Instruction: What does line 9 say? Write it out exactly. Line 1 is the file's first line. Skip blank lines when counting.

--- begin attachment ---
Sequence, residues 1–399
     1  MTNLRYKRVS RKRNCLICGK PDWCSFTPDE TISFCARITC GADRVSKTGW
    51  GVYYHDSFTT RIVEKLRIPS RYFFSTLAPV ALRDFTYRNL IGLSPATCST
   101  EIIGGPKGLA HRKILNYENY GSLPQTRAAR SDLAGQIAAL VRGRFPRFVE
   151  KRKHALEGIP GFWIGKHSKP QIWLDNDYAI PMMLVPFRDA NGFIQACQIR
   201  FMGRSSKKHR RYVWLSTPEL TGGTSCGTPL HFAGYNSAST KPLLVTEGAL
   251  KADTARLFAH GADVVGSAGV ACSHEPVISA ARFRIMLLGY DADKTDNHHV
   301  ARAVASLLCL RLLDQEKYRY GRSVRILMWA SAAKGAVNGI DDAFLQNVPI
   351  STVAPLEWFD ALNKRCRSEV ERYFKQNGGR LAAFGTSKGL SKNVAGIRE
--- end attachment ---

   351  STVAPLEWFD ALNKRCRSEV ERYFKQNGGR LAAFGTSKGL SKNVAGIRE